By Kevin Zemaitis
It was November 5th, a surprisingly warm 54 degree day, on the eve before Bryant’s final regular soccer game of the season. A day where a dear fellow teammate and myself decided to stimulate the local Lincoln, Rhode Island economy by indulging in gluttony at Trattoria Romana before a 4:05 movie showing at the cinema. As we both approached the ticket window, we both took advantage of the student discount (where I’m convinced you save $4-$5 for speaking up) and moseyed our way inside. For a Saturday movie showing, it was quite busy. After waiting in a concession line for approximately 10 minutes I successfully spent roughly $17 on bargain items.
As I sip on my large jumbo cherry coco cola with no ice (to get more bang for my buck) and nibble on the large popcorn, I cannot help but to notice a zoo of children. Since when have parents decided that an ideal place to hold a birthday party is a movie theater? Seems more of a nuisance than a good ole time; but then again, I guess the children are caged in and the only place they can run away and hide is, well everywhere. I digress.
The main point of this article is not the CFA, but the CPA Ben Affleck in the movie “The Accountant”. Even though my favorite Bostonian actor is the one and only Marky Mark Wahlberg, Benji did well in portraying an autistic mathematical savant.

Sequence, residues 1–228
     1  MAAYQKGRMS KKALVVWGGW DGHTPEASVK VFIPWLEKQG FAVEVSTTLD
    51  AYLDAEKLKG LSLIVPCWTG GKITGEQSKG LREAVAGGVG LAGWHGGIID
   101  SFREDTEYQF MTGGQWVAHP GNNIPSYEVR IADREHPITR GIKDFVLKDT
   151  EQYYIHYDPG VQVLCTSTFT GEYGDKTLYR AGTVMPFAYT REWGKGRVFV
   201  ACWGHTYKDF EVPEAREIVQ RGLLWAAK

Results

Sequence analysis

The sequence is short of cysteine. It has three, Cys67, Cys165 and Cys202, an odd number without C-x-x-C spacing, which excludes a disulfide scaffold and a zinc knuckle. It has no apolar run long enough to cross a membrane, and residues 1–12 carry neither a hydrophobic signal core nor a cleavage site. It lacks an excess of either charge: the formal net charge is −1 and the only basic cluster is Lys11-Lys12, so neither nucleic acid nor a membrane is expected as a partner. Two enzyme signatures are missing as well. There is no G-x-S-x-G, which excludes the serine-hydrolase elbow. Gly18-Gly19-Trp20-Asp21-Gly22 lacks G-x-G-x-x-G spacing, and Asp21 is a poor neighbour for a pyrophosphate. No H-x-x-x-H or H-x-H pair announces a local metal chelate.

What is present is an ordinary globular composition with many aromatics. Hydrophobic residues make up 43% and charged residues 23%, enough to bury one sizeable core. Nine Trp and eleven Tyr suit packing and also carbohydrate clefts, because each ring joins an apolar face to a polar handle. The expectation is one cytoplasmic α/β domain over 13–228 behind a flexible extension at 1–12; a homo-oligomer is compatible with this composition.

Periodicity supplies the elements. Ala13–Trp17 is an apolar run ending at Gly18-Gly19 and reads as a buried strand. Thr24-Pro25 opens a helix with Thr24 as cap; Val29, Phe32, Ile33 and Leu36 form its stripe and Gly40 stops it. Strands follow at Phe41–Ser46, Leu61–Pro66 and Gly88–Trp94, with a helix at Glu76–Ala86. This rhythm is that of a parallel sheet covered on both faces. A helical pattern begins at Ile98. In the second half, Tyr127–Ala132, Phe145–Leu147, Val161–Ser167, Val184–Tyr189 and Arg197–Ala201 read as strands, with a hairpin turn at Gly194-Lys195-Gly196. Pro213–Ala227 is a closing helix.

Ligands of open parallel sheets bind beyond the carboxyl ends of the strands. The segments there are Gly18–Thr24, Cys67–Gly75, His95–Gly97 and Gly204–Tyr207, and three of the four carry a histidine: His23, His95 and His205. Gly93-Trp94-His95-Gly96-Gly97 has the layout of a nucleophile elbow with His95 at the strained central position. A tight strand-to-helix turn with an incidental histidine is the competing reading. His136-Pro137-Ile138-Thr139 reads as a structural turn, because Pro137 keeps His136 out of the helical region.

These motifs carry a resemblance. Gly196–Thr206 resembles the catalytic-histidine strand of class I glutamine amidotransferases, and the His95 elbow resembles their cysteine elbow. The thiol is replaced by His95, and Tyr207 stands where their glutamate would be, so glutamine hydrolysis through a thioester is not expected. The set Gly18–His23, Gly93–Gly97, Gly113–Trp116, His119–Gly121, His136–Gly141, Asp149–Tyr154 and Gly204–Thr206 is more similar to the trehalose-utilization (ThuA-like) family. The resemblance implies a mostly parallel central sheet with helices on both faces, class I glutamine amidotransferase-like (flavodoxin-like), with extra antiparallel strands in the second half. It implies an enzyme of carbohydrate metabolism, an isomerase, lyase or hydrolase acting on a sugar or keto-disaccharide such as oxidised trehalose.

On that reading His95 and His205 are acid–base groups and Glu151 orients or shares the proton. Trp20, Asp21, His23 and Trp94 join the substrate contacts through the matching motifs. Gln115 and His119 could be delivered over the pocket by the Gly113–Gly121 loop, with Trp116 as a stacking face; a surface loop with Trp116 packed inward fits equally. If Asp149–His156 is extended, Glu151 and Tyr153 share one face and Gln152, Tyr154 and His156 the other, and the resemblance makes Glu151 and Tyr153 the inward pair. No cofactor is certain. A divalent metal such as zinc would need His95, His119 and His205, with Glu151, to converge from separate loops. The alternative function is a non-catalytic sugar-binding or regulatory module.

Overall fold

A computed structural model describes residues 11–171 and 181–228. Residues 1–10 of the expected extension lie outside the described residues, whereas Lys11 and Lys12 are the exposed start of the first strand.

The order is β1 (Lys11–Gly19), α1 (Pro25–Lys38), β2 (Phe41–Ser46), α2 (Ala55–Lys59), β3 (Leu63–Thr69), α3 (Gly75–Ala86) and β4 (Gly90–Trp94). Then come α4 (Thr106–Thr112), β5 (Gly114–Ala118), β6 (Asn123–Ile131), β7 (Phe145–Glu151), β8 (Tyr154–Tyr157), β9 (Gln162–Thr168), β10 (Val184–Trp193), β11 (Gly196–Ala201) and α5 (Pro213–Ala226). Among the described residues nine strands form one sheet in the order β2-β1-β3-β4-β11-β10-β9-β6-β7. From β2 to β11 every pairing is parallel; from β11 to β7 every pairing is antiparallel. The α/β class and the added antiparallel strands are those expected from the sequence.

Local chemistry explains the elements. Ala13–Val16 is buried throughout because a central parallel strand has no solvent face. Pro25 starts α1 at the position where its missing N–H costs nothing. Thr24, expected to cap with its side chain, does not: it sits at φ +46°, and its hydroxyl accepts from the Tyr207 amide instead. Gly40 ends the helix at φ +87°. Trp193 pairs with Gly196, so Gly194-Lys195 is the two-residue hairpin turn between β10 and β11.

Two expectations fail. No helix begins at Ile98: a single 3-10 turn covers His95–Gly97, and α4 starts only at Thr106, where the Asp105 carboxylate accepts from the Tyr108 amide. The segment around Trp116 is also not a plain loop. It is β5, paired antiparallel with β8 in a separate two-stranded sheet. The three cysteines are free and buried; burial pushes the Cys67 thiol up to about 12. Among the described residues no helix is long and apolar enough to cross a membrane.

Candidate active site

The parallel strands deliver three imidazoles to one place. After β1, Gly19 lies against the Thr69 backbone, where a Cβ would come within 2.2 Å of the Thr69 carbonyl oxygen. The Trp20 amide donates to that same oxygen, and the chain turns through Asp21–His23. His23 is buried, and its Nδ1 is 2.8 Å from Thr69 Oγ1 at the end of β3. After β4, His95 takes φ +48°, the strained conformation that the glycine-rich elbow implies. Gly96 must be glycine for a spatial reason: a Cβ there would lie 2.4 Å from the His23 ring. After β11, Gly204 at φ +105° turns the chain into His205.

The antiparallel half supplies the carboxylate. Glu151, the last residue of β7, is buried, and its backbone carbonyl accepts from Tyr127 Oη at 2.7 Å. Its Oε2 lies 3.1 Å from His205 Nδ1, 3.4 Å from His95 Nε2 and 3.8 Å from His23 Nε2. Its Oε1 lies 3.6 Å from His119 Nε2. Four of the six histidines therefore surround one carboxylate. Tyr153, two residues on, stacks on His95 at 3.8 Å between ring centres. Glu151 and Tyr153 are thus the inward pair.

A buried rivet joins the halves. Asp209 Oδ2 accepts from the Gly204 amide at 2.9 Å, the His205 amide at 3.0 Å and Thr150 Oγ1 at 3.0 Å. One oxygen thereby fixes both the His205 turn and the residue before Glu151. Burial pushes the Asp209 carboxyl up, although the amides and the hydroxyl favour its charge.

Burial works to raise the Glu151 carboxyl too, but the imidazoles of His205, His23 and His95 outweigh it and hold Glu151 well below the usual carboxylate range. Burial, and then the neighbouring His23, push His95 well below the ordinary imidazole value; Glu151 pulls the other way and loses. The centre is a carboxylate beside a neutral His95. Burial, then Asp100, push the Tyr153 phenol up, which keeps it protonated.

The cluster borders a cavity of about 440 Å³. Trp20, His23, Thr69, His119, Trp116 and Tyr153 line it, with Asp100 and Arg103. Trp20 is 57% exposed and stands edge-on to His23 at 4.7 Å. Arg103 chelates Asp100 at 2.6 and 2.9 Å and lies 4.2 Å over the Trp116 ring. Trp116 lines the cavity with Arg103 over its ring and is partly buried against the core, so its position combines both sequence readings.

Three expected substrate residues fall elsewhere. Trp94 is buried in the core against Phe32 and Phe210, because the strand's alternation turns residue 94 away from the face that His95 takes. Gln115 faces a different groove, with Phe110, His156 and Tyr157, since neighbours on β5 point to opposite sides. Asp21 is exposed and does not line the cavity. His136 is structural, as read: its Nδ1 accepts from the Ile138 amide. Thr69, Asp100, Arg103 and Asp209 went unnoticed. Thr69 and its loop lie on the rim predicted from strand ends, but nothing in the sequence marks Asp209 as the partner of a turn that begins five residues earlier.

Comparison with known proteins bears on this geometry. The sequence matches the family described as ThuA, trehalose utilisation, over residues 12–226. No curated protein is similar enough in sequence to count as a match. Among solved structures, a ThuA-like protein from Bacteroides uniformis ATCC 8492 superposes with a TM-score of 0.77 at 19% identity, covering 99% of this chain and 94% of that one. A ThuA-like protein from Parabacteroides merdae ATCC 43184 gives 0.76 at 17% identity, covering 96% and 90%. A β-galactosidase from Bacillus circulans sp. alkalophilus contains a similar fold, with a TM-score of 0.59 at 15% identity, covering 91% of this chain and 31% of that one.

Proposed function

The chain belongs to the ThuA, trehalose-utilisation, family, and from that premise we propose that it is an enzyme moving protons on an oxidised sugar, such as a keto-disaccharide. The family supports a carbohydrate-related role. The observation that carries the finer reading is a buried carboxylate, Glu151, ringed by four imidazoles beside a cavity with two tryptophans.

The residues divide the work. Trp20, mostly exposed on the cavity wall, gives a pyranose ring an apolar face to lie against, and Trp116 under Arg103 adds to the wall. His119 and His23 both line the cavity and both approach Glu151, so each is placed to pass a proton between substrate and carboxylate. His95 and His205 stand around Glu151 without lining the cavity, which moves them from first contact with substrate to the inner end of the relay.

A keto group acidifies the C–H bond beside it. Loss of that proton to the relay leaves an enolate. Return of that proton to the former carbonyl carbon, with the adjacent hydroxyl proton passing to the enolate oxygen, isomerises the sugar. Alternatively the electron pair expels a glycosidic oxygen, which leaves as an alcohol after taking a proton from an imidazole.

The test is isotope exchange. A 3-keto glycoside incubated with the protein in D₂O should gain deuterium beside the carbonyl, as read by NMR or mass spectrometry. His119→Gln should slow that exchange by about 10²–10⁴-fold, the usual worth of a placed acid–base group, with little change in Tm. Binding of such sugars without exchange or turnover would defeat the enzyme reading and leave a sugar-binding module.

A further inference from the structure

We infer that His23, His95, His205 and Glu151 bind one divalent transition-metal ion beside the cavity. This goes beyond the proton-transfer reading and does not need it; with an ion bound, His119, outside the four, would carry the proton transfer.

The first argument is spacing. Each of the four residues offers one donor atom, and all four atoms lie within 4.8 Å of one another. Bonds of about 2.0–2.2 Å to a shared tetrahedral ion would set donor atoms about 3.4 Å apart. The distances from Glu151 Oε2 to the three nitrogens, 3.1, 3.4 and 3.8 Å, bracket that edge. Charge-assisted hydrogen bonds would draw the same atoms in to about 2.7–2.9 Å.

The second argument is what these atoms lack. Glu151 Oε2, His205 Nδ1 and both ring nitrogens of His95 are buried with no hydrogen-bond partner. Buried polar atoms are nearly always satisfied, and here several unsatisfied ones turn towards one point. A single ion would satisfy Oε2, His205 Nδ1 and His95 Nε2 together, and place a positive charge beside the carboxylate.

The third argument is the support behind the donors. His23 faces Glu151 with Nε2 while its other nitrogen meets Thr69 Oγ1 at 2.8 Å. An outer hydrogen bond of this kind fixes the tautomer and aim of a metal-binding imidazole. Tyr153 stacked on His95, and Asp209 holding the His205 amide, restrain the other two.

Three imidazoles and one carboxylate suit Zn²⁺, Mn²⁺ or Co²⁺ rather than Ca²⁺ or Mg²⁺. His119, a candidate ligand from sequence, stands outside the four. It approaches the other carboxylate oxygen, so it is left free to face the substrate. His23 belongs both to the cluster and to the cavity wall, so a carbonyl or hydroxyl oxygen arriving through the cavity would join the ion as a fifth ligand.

Christian Wolff (Ben Affleck) from an early age clearly had neurological deficiencies that his parents wanted to solve because he was clearly smart, but his mannerisms and actions were uncontrolled outbreaks.
His father was a distinguished Colonel and instead of having Christian stay at a hospital or a special home for treatments and better diagnosis, his father took him and his other brother to military base locations (presumably) around the world. It was at these base locations where Christian and his brother at an early age began to learn their limitations (physically and mentally) as their father put them through intense militarized training.
Christian Wolff used a small-town CPA office in Illinois as a front for his freelance accountant lifestyle where he looks at the books of high valued and high crime individuals and organizations. Due to Wolff’s clientele and investigations that show his face in photographs, Treasury agents become curious as to who exactly the accountant is. Upon receiving wind of agents investigating his identity, Wolff takes on a legitimate client, a state-of-the-art robotics company, where not everything at this company adds up.
As Wolff gets closer and closer to the truth, this action/adventure/drama/thriller leaves you, the viewer, engaged throughout the movie.
The movie was good and the scenes made the movie worthwhile, but it was nothing more than just a thriller with good scenes. The movie provided chuckles here and there, but when the movie ended, the movie didn’t really end, if you know what I’m saying. It was a cliffhanger, a movie where the ending didn’t reach a destination and when the screen went black, I was hoping for an additional 15 minutes to which my dreams, were not answered. Movie rating, 7, if I had a drink or two, 7.5.